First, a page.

28 March 2010
If there is a kickoff for the beach season, it is Easter weekend. This year someone ordered up some nearly perfect weather to help all of us forget the really nasty winter weather that bedeviled us for several months.
Actually part of the east is still being cursed with extraordinary precipitation. A friend in Massachusetts told me tonight that in her sister's neighborhood only one out of six ways out was still above the flood waters.
My college roommate who lives on the New Jersey shore has complained about continuing wet weather and temperatures in the forties at night.
So if you are in one of the areas not blessed with good weather this first week in April, the Crystal Coast is ready for you, and now would be a really good time to come visit.
You might be surprised with how blue our skies can get during the day, and how many stars you can count at night.
A lot of people have never heard of the Crystal Coast, and even more have never taken the time to visit. I have never heard exactly why the area is called the Crystal Coast. My personal theory is that the name comes from the crystal clear waters .
If there is one thing that is for certain, it is that the Crystal Coast is all about the water . Easy access to water is why many of us who live here permanently moved to the area. It is also why the area is favored as a vacation area for natives of North Carolina.
This is a place where you can walk the beaches without being surrounded by miles of high rise towers. There are three really large regional beach access areas with free parking. One is at Fort Macon near Atlantic Beach, and there are two in the town of Emerald Isle. There are other smaller ones spread out along the beaches.
Of course if you are staying in a home along the beach, there are dozens of neighborhood beach access points within walking distance. These are marked with CAMA signs. So getting to the beach is not a problem, and still it is a surprise to lots of folks from up north, there is no beach tag required on our beaches. You can walk as far as you want on the beaches, and no one will bother you.
Beyond the beaches, boating is considered fundamental to the enjoyment of life here on the coast. Carteret County is one of the best places to go boating on the east coast. We have a very long protected stretch of the Intracoastal Waterway that runs right through the county. In addition to that Beaufort Inlet and Bogue Inlet are two well marked routes from the ICW to the ocean. Just riding down Bogue Sound from Swansboro to Shackleford Banks is a beautiful trip . I often tell visitors that our real main street is the ICW. If you had rather paddle your away around, this area is great for kayaking. The waters near Beaufort, the Hammocks Beach area, Bogue Sound and the White Oak River are all wonderful places for kayaking. And those are just a few of my favorite spots.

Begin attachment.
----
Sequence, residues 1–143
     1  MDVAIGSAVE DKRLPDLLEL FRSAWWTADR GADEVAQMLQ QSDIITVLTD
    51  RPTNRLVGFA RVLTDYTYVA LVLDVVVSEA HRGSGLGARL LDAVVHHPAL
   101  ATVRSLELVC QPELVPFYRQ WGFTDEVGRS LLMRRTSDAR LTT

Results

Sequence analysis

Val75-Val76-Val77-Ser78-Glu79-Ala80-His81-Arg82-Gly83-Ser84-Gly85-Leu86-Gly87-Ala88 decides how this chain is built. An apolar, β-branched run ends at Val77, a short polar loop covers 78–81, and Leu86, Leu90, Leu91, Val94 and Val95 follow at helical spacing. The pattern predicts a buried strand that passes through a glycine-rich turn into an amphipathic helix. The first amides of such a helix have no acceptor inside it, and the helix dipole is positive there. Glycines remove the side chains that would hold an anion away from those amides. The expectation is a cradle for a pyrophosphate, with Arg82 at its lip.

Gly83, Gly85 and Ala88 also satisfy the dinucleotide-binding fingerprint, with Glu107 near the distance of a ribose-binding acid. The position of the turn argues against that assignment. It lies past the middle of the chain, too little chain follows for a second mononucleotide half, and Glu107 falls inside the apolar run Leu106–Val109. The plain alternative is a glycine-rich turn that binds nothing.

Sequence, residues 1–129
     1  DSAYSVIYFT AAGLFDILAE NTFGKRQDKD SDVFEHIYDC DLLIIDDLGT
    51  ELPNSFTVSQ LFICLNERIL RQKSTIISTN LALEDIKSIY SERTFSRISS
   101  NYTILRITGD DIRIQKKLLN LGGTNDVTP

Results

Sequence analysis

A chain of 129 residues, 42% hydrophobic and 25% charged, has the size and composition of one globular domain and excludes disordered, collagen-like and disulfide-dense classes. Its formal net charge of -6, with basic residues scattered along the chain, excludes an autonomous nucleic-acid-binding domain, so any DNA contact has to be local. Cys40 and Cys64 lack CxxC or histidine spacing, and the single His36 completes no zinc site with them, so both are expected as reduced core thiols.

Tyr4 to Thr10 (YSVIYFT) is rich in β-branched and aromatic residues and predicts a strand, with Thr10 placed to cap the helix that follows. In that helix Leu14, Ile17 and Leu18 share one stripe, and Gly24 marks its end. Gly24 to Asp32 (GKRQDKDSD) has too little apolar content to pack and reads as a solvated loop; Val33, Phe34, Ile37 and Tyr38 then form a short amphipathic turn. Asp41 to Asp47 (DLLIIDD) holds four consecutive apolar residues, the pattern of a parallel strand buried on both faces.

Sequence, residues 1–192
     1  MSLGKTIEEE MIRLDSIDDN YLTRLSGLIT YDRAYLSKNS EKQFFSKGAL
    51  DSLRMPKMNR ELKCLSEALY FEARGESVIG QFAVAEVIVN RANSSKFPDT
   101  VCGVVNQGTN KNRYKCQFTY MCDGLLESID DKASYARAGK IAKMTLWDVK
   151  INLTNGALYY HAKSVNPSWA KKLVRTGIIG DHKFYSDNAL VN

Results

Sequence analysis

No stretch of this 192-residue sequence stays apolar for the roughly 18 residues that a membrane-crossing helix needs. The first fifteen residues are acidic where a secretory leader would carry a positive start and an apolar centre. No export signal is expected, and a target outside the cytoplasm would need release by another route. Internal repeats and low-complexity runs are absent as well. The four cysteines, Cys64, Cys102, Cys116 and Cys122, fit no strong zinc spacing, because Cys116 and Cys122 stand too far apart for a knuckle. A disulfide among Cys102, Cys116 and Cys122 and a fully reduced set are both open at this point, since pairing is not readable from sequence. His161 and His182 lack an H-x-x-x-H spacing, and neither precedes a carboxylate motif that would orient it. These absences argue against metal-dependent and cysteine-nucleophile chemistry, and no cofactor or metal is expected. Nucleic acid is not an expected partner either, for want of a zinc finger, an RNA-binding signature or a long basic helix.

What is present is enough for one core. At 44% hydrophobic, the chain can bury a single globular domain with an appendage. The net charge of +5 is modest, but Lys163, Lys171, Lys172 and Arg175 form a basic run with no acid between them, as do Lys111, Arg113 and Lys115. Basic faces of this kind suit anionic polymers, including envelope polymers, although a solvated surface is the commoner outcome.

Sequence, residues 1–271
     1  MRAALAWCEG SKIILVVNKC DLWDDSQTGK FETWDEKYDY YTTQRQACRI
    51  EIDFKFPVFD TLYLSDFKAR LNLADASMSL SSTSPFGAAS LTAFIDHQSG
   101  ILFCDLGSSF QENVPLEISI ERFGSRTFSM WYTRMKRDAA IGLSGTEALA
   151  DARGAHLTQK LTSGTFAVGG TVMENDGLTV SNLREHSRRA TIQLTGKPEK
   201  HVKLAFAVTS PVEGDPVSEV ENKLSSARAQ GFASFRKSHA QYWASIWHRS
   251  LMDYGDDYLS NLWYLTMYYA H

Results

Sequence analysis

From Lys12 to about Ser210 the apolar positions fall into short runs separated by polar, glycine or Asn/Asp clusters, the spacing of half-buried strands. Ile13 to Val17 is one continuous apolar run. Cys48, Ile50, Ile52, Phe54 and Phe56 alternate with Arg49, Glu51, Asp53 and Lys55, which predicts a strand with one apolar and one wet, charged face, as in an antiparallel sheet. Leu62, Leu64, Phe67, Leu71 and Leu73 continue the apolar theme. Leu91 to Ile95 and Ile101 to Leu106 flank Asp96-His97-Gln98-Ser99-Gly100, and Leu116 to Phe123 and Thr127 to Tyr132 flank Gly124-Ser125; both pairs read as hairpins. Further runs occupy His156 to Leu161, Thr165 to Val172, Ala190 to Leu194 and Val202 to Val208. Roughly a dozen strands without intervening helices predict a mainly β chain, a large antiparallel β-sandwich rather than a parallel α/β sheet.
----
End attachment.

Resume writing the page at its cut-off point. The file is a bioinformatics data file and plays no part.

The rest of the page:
Along with walking the beaches, kayaking, and boating comes fishing. Even some of the area drug stores sell fishing tackle, so you know that fishing is near to the hearts of many county residents and visitors. From flounder, trout, bluefish, spots, croakers, to red drum, the area is a great place to fish. Fishing is another one of those reasons to live in the county. There are few places where you can go fishing early in the morning in the ocean, catch some Spanish mackerel, clean the fish, shower and be at work by nine AM.The Crystal Coast is one of those places. If fishing from boats is not your thing, we have miles of beach for surf fishing and the Bogue Inlet pier for pier fishing.
Then of course, any place that attracts families has to have something for everyone. From the shops in Beaufort and Swansboro to Morehead City's shopping centers and Emerald Plantation in the town of Emerald Isle, there are more than enough shops for those who need some shopping time interspersed with their beach time. On top of that there are activities for the kids such as miniature golf and MacDaddy's arcade.
And when you are worn out from all the time spent enjoying our ocean playground, we have some great family owned restaurants where you can relax and enjoy the area's fantastic seafood.
This is a great time of year to get your first taste of the Crystal Coast.
You should be warned that it is possible to fall in love with the area. There is only one cure for that. You have to move here, and I am one of those who did exactly that.
We all know that March can be a challenging month with weather that rarely pleases anyone. Yet for those of us living along the Southern Outer Banks, there are moments when it certainly looks and feels like spring.
Everything about this morning made me think we had transitioned to the time when we could really start enjoying the out of doors. In certain ways that is completely true. You can go for a beach walk like I did the other day. You can ride your bike or hike a favorite trail. However, getting out on the water is a completely different challenge.